.... for my macro Needs

I guess we should have asked up front; what are your macro needs? What do shoot, or want to shoot?


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amfoto1
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Feb 03, 2013 13:20 |  #14

My $60 US macro lens...

IMAGE: http://farm6.staticflickr.com/5017/5453385847_10a2a40bec_b.jpg

A vintage Tamron SP 90mm f2.5 "Adaptall 2"

IMAGE: http://farm6.staticflickr.com/5259/5431199989_e9b97ce29e_z.jpg
IMAGE: http://farm6.staticflickr.com/5253/5431808414_f7b31fe45e_z.jpg

On the left the lens is shown with hood, a set of Kenko extension tubes and several Canon extension tubes. On the right, it's shown with the hood reversed for storage, an EOD Adaptall-2 mount on it and a Nikon F Adaptall-2 mount alongside.

The lens cost me $20 at a local second hand shop. It came with the hood, 1:1 adapter, caps and the Nikon mount on it. I've used several copies of this lens over the years and knew it was a good one, so I grabbed it up. The Adaptall-2 EOS mount I got off eBay and cost me $40, including from China. It's the "chipped" type so that the camera's Focus Confirmation still functions (at reasonable apertures), it works fine and arrived in just a few days.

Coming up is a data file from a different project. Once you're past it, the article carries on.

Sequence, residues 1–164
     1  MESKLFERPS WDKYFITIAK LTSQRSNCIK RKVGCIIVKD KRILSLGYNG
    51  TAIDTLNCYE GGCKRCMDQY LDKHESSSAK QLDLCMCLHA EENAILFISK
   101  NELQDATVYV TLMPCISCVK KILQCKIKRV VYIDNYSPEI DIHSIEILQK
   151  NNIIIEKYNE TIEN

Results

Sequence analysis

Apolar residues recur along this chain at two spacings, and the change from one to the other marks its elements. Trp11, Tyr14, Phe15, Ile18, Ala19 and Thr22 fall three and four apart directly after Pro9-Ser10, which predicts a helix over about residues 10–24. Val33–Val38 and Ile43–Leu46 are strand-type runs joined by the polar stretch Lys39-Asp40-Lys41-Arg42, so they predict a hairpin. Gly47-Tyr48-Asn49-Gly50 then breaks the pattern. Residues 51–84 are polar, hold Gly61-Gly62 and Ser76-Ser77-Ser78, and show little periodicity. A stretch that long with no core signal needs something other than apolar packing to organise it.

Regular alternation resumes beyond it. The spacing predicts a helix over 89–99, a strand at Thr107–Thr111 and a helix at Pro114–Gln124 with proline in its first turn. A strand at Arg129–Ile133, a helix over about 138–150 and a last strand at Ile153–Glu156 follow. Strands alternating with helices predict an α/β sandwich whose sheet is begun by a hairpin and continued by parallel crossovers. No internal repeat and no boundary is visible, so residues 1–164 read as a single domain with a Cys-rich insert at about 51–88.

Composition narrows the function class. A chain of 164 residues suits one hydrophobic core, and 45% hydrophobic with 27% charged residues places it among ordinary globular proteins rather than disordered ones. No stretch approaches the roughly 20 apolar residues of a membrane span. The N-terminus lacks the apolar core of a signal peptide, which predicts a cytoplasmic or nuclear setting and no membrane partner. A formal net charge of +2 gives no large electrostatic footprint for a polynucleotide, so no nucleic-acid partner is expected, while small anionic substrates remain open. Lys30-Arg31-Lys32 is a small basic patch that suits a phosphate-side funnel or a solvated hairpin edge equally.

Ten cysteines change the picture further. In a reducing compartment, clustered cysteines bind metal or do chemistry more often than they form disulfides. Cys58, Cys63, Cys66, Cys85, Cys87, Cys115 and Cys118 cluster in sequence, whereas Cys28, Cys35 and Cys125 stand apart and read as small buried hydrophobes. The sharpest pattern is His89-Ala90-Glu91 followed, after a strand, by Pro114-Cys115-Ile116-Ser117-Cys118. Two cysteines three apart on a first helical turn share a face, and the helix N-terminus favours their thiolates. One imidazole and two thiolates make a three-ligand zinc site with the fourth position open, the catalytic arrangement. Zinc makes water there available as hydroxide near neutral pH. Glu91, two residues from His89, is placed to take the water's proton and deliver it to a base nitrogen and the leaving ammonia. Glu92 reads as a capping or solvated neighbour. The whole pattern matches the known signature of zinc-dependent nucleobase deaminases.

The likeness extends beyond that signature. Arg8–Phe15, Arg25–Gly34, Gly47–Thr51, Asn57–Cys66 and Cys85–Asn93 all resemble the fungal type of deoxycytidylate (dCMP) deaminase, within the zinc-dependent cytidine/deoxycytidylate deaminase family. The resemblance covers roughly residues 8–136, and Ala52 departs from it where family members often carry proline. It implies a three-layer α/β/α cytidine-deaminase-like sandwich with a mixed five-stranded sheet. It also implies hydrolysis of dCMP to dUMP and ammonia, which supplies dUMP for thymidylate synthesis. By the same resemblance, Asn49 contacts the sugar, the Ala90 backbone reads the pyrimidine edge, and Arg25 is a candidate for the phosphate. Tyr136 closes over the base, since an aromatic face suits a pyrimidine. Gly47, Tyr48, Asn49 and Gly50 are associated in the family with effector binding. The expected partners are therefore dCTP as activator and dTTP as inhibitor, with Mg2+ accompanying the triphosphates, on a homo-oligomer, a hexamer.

This lens is manual focus, manual aperture. As such, on your purely manual extension tubes, it's far easier to change the aperture than it is with one of your electronic. Note the aperture scale on the lens. Many old manual focus lenses adapted for use on Canon use this sort of aperture control and will be fully usable on those extension tubes. Of course, it also works just fine on the Kenko and Canon tubes with the electronic contacts (they just doen't do anything, since both focus and aperture control are manual).